SHOP OUR CURATED MARKETPLACE

Despite an Increase in the Number of Package Deliveries, Mail Carriers Report Fewer Dog Attacks

For You

dog and mail carrier and usps

In a world where you can buy anything with a few clicks and have it delivered to your home, you would think the number of incidences in which a dog attacks or bites a mail carrier would go up. But thankfully, that isn’t the case.

To coincide with National Dog Bite Awareness Week, the United States Postal Service just released its yearly reports on how many of its employees were bitten or attacked by a dog. In 2019, it recorded 5,803 incidents, more than 200 fewer than in 2018 and more than 400 fewer since 2017. The decline is in part due to technology that can help avoid potential attacks, including asking people if there is a dog in the home, along with alerting customers when their packages will be delivered, allowing them to secure their dog, if needed.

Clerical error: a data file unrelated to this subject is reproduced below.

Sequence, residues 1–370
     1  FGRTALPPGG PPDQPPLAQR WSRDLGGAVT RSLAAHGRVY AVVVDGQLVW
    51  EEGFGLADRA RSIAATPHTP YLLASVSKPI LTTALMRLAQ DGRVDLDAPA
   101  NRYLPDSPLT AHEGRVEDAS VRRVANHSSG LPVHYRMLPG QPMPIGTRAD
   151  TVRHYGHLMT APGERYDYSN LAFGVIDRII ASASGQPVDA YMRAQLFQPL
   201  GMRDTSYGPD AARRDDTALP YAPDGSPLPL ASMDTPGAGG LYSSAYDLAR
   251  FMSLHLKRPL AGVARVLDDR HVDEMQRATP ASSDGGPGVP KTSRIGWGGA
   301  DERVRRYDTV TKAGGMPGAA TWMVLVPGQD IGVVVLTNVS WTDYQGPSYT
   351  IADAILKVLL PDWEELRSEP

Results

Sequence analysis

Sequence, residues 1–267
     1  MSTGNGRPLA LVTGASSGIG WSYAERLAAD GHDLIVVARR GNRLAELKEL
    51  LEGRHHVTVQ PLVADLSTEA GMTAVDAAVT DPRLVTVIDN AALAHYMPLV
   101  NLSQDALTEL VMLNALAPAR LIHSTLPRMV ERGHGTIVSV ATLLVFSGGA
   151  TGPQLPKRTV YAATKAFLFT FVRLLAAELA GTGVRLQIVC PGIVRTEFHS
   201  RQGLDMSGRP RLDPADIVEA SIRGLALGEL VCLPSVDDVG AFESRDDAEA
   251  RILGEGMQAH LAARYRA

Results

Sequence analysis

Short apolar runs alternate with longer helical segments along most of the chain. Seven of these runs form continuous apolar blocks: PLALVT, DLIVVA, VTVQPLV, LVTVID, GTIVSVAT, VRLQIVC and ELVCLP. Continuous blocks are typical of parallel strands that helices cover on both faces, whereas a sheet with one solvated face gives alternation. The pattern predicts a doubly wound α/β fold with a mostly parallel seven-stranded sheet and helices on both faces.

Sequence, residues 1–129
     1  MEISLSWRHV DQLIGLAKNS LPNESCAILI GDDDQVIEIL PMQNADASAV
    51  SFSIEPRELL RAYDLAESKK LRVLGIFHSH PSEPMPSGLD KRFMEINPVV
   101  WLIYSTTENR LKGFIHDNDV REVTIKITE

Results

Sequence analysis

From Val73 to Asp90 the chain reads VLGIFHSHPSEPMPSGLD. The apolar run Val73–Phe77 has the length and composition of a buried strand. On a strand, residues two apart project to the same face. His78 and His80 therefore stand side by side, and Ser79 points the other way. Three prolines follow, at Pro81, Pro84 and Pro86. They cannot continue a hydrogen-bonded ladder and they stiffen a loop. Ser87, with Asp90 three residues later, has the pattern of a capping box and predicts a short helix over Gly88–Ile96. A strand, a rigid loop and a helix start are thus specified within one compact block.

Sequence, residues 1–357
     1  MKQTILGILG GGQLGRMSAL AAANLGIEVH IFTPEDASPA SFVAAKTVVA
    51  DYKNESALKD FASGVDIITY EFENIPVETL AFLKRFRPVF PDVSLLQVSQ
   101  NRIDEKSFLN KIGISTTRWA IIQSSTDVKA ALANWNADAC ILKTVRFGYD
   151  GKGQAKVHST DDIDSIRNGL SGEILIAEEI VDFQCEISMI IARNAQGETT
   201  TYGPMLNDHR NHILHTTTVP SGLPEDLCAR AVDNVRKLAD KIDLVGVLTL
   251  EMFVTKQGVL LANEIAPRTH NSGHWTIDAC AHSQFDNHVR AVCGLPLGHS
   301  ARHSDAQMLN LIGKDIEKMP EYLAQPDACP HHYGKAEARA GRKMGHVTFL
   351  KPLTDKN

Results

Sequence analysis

Related: Mailman Builds Ramp for Senior Dog on His Route

Houston reported the most dog bites in 2019 (85), followed by Los Angeles (74), Chicago (54), Cleveland (51) and Dallas (40).

As many of us dog parents are still self-quarantining to an extent, it is important to ensure mail carriers feel safe.

Here are a few ways to avoid a potential disaster:

  • When a mail carrier comes to your home, put your dog in another room. USPS has reported that dogs who view the carrier as a threat have been known to bust through the front-door screen or barge through a door.
  • If your dog is at the door, USPS suggests household members, including children, avoid taking mail directly from the carrier, as this can be seen as a threat.

If a mail carrier feels threatened, he or she may require a dog parent to go to the post office to pick up mail.

Related: Postman Writes Special Letters to Dog Who Loves Getting Mail